Last week, I was intrigued by all the fanfare attendant upon the national farewell to the late Sen. John McCain. I have written in this space that Mr. McCain and I were friends who spoke many times, but generally only about the issues upon which we agreed — abortion, immigration and torture.
On those issues, he often stood at odds with most of his Republican colleagues in the Senate. They are opposed to abortion in name only (they will not lift a finger to stop or slow it), prefer judging the moral worth of individuals on the basis of where they were born, and think that torture is wrong unless the victim is a bad guy or a foreigner or has information the government wants.
Moral relativism is the coin of their realm.
On those issues, Mr. McCain stood steadfast, no matter the political or personal consequences. For that steadfastness, and with respect to those issues, his behavior was heroic. A hero does not lack fear. He or she proceeds into its face nevertheless, heedless of the consequences to self.
For reasons he has never adequately explained, President Donald Trump rejected Mr. McCain’s heroism and mocked Mr. McCain’s time of torment in a North Vietnamese prison. That mockery was brought to full measure at Mr. McCain’s funeral by the senator’s daughter, my friend and former Fox News colleague Meghan McCain. She told the members of the Washington establishment who had gathered, sans the president, at her father’s funeral at the Washington National Cathedral — why the federal government founded a cathedral is another question for another time — that her father manifested greatness and that Mr. Trump manifests cheapness.
Then the two men who each in his own way personally stopped Mr. McCain’s efforts to become president — George W. Bush in the Republican primaries in 2000 and Barack Obama in the general election in 2008 — delivered similar accolades of Mr. McCain, complete with veiled rebukes of Mr. Trump.
On its face, the audience in that government-founded church, establishment to the core, was adoring Mr. McCain’s memory and mourning his loss. But the establishment is filled with hypocrites.
This is the same establishment that gave us the unguarded borders and airways of 9/11 and blamed its failures on foreigners. It gave us the useless, fruitless wars in Iraq and Afghanistan and the human and monumental destruction they wrought.
It gave us the secret torture of foreign captives and their indefinite incarceration without trial. It gave us warrantless spying on innocent Americans — at first in secret and then openly and under color of law — in direct defiance of the Fourth Amendment. It gave us the 2008 financial crisis, which it cured by borrowing billions of dollars and giving the money to those who had caused it. And — as if all that were not enough — it gave us a $13.5 trillion collective increase in government debt during the Bush and Obama years and the secret but repetitive use of drones to assassinate foreigners and Americans overseas.
Has any of this enhanced your life, liberty or property?
As much as I appreciated the kind words about my late friend and the polite reception those words received, it made me think about how dangerous to life, liberty and property the government has become, how unfaithful to the Constitution have been those in whose hands we have reposed it for safekeeping and how unashamed of their misdeeds are those who have caused all this.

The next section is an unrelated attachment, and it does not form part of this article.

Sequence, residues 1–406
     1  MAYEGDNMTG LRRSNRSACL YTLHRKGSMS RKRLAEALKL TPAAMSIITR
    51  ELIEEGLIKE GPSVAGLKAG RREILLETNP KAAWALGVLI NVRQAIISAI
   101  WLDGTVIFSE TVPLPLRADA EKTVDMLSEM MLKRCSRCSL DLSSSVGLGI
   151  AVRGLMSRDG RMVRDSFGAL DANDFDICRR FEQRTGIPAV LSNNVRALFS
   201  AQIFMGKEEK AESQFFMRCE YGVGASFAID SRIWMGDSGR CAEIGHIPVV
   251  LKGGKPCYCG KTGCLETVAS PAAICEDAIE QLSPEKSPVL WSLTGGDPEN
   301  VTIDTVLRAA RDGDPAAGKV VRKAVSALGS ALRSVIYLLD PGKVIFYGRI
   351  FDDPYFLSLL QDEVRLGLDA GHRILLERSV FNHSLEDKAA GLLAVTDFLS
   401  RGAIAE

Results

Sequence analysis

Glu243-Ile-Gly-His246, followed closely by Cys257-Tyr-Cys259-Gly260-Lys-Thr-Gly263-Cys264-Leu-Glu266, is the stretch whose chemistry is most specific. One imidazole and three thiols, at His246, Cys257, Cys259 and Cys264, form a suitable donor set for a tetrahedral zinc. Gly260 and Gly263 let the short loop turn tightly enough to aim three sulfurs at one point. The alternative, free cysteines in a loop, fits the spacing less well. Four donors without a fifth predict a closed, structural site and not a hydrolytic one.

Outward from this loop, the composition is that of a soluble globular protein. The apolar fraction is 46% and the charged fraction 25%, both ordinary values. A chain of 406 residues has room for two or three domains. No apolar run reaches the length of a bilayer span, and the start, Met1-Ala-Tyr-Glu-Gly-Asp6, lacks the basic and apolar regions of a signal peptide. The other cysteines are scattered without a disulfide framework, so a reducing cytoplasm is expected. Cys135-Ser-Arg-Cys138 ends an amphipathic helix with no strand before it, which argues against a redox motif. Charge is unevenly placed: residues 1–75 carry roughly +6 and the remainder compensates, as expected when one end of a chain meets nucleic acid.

Nearly all of the present assaults to liberty can be laid at the feet of the Republicans and Democrats who were sitting in that government-founded church in the nation’s capital and listening to the praise of John McCain.
But that establishment crowd also gave us another event it would rather forget and for which it will never accept blame or claim credit — the election of Donald J. Trump as president of the United States. He ran as the anti-establishment candidate, and he ran against the collective mindset of those proud of themselves in that “national” church. He condemned the wars they caused. He mocked their borrowing and spending. He attacked the secretive mindset of their intelligence and law enforcement communities. And the voters rewarded him.
Yet he, too, uses drones and missiles to kill and does so in foreign lands without any declarations of war. He, too, has borrowed money and spent it at nearly a wartime rate. And he, too, has continued the spying on innocent Americans. In those respects, he has become what he condemned — the government establishment proud of itself sitting in a government-founded church.
Add to this, he has mocked the rule of law, praised those charged with and convicted of violating it, tormented those charged with enforcing it, distorted tales about his personal behavior, and wreaked havoc on innocent farmers by making the sale of their goods too expensive for foreign consumers.
His presence was in that church as powerfully as if he had physically been there.
The bitterness about Mr. Trump was silently expressed by those who brought him to power and now cooperate with his behavior or pretend that they don’t. The mindset of the establishment continues to be that the government can right any wrong, regulate any behavior, borrow and spend any amount of money, and build a church in utter defiance of the First Amendment, the U.S. Constitution — which is supposed to limit the government, not unleash it — be damned.
Ultimately, we are responsible for the folks we have elected and the things they have done, whether secretive, hypocritical or in our faces. Ultimately, we have the government we deserve. Will we change this before it is too late?
• Andrew P. Napolitano, a former judge of the Superior Court of New Jersey, is a senior judicial analyst for the Fox News Channel. He has written seven books on the U.S. Constitution.
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